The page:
This is a post I’ve resisted writing. I’ve been in a funk lately, one of the few true periods of melancholy I’ve had in this new stage of my career.
A couple of freelance writing opportunities that looked promising haven’t panned out, and they probably were never going to be as good as they initially sounded. It’s good to give people with ideas the benefit of the doubt, but I foolishly set aside my own ideas for too long waiting to find out.
I also spent too much time last week feuding with a curmudgeon – I really don’t like that word – convinced that there’s no hope for journalism on the Web. Not even 20 years of the Internet, and already it’s time to give up? Silly me, I tried to argue that the Web is in its infancy. There’s no way to counter an airtight, absolutist view, but I persisted to the point of frustration.
If that wasn’t dour enough, two appalling and deplorable stories emerged this week – in Chicago and Baltimore – that have me wondering about the morality of some of the people running the newspaper industry.
Is it not enough that they’ve run the industry into the ground? Must they also humiliate journalists and strip them of their dignity too?
One of the laid-off Sun staffers was too kind calling the machete-wielders mere “jackals.” I can think of quite a few other words but I’ll refrain.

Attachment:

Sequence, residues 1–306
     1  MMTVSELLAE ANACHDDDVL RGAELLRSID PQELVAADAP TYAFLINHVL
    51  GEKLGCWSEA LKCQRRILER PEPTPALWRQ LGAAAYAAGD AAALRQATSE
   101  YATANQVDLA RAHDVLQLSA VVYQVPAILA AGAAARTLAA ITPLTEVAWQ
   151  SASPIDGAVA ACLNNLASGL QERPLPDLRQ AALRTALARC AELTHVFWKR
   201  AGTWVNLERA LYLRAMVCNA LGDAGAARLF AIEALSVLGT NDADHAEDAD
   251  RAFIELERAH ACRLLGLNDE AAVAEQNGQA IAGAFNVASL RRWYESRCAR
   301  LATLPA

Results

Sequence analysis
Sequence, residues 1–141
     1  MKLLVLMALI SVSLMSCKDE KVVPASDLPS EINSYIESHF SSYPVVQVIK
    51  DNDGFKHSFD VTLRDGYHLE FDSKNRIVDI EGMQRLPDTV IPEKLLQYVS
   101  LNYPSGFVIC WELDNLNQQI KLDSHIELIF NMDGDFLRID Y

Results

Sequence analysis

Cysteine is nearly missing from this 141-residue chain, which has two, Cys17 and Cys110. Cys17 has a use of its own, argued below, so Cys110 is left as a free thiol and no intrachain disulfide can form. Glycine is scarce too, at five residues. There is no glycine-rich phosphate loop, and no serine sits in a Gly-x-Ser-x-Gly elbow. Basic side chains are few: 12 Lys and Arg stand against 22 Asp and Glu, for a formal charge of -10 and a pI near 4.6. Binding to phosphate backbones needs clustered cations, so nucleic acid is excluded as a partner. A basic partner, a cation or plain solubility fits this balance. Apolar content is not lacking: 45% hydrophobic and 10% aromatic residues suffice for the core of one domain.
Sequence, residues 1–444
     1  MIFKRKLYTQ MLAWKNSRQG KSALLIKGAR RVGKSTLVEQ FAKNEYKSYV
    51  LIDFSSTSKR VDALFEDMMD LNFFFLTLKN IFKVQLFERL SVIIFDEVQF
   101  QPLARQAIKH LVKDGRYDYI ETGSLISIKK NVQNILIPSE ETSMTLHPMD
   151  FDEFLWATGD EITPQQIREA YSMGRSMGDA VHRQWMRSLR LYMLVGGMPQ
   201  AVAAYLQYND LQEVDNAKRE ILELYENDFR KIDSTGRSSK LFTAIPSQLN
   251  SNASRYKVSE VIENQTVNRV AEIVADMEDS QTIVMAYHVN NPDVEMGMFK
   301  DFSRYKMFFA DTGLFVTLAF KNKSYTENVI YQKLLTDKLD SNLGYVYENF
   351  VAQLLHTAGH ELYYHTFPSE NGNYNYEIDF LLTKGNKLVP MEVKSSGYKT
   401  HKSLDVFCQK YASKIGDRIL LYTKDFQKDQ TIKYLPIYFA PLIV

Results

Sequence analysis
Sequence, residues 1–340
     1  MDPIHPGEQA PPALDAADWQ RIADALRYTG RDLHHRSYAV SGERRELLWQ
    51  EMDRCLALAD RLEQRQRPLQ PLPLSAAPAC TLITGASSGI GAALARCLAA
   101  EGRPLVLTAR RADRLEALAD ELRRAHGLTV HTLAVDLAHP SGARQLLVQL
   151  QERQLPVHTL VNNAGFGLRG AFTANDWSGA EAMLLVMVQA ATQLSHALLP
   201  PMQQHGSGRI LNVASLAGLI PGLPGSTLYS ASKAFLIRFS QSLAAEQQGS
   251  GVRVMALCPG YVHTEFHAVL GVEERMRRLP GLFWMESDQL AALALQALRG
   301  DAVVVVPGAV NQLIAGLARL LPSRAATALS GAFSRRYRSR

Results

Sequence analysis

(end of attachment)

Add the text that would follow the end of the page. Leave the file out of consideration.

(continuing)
I’m just glad Molly Ivins isn’t around to see this. Not long before she died, three years ago, she famously began a column this way:
“I don’t so much mind that newspapers are dying — it’s watching them commit suicide that pisses me off.”
If she were here, she might describe what’s been happening as mass murder-suicide. It’s hard to call it anything else.
Later today, more than 70 of my former newsroom colleagues are leaving my old paper, the Atlanta Journal-Constitution, for good. Just like I did eight months ago, with buyouts in hand. I’m happy for them, because it’s a great chance to enjoy life and recreate their careers. But I’m also sad and angry that a number of others were summarily laid off a couple weeks back.
A redesigned paper has been all the rage this week. I wish more was being said about the people leaving and all the work they’ve done. And what’s going to be missing after they’re gone.
The future does march on and my former paper and others like it are facing horrendous odds in securing it. It’s too easy to claim that they have no one but themselves to blame for failing to prepare for it, because many journalists are guilty of the same thing. We shouldn’t need the prodding of editors to gain digital fluency and better understand how our readers consume the news.
I’ve got a lot of work to do in that regard, and I’ve generally been excited and re-energized by many of the things I’ve undertaken since leaving my job.
But right now I’ve just got the blues about all this, and it’s going to take a little while to chase them away.